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Has Neoconservatism Failed or Succeeded? Part Two

Here are some previous Think Tank programs that may be of interest.

Has Neoconservatism Failed or Succeeded? Part One  (aired 6/22/2006)
In 1989, political scientist Francis Fukuyama argued that the end of the Cold War also brought a certain kind of end to human history. Free markets and peaceful democracy would be the final form human government. But since then, al-Qaeda has attacked America, London, Madrid, and Indonesia, to begin a long list. In response, President George W. Bush has declared a “War on Terrorism.” But Francis Fukuyama, a self-proclaimed former neoconservative, is doubtful that America’s use of force against Islamic jihadism will succeed. But what are the alternatives?

What is Ronald Reagan’s Legacy?  (aired 6/10/2004)
Ronald Reagan’s presidency began amid the Iran hostage crisis and economic turmoil. When he left in 1989, America was prosperous, and the Soviet Empire was in decline. But the intervening years were not without controversy and scandal. Who was Ronald Reagan, and what is the enduring legacy of his presidency?

Richard Perle: The Making of a Neoconservative  (aired 11/14/2002)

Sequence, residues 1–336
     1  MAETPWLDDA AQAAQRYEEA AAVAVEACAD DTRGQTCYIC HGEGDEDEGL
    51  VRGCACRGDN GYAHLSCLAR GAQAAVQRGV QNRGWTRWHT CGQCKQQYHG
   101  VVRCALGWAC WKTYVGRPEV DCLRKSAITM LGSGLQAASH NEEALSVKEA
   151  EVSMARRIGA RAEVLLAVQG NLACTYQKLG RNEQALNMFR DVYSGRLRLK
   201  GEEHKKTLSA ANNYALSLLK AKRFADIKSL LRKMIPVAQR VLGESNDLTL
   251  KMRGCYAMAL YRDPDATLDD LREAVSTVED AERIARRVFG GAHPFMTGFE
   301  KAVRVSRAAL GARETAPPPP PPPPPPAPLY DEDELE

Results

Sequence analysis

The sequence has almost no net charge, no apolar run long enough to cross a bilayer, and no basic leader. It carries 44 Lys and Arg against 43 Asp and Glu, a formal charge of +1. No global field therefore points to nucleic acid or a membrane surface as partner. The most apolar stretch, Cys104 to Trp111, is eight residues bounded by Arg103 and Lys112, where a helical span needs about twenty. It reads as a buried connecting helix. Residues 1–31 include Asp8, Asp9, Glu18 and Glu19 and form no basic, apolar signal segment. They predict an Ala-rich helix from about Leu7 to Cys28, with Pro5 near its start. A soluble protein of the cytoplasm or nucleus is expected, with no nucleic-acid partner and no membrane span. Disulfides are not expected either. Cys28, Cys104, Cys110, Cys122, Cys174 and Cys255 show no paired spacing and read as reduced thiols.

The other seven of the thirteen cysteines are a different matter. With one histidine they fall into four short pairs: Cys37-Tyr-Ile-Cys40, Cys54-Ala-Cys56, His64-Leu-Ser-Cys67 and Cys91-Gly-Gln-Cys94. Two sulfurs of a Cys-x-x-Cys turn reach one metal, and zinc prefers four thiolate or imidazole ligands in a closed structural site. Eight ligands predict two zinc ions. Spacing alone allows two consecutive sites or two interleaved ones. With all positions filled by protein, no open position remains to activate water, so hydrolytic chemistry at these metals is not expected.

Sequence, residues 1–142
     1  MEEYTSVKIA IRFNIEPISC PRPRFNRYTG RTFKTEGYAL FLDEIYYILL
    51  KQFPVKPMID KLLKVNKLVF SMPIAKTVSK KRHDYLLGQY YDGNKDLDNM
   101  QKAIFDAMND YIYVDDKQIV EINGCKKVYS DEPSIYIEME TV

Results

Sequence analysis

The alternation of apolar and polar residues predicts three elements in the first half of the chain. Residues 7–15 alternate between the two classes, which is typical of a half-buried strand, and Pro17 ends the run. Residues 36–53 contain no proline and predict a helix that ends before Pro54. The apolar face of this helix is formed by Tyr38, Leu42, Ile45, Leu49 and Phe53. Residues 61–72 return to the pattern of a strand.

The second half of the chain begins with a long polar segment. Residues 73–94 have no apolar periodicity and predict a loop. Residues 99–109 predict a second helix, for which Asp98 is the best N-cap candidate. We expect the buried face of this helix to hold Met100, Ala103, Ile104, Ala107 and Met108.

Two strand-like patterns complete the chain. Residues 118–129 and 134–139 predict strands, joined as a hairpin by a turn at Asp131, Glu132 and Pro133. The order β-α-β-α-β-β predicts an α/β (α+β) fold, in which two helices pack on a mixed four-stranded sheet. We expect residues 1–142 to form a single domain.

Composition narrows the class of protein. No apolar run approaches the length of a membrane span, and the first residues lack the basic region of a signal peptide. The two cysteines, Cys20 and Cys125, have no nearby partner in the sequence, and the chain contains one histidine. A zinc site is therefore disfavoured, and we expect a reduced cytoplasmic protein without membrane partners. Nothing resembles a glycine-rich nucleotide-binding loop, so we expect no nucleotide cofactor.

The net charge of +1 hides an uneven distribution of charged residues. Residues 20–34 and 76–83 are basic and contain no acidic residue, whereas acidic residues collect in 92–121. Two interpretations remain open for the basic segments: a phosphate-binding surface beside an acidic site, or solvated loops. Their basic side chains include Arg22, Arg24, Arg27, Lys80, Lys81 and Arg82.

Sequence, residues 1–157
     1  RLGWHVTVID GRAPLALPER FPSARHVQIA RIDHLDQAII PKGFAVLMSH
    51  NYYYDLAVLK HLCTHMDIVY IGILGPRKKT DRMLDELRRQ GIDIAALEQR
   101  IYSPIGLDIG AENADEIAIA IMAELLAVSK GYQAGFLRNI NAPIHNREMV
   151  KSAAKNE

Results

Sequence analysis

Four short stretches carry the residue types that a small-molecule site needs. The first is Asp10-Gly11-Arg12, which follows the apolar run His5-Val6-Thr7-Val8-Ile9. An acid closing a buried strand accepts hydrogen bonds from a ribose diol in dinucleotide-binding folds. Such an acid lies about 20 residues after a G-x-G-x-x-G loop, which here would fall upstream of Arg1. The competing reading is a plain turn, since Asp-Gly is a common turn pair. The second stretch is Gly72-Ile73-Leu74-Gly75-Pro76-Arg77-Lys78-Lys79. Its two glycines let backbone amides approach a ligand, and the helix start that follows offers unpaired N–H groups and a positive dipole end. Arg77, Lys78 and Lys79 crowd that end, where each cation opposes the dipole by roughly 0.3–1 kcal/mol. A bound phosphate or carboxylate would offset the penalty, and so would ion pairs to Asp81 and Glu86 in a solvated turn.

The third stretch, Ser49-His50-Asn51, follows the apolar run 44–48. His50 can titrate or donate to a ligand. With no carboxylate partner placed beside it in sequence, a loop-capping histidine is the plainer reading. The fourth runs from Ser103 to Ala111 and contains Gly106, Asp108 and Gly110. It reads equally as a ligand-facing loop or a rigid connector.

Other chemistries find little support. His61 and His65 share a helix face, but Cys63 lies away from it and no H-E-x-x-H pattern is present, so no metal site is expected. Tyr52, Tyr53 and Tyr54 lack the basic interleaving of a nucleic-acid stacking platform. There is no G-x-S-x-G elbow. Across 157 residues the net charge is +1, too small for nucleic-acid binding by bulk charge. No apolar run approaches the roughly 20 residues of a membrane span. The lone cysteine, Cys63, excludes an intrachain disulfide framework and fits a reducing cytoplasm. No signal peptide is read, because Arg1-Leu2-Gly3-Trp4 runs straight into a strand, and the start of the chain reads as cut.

To some of his opponents, Richard Perle has emerged as the mysterious Svengali behind George W. Bush’s Iraq policy. He’s been called a hawk and a neo-conservative, both of which are part of a worldview with a long and distinguished pedigree. Today, Perle is the chairman of the Defense Policy Board, a civilian group that advises the Pentagon. Host Ben Wattenberg talks with Richard Perle about the origins of Perle’s personal philosophy, as well as the current crisis with Iraq.

Intellectuals at War  (aired 4/19/1999)
This week Think Tank is joined by the distinguished writer, editor and literary critic Norman Podhoretz. Podhoretz was editor and chief of the neo-conservative magazine Commentary for 35 years. Now a senior fellow at the Hudson Institute, he is the author of a new book called Ex-Friends, falling out with Allen Ginsberg, Lionel and Diana Trilling, Lillian Hellman, Hannah Arendt and Norman Mailer. The topic before this house, intellectuals at war, this week on Think Tank.

Can Conservatives Be Compassionate?  (aired 12/21/1995)
Can conservatives change their reputation as heartless, miserly people, concerned only for their own well being? What are their stances on issues such as charitable giving versus government giving?

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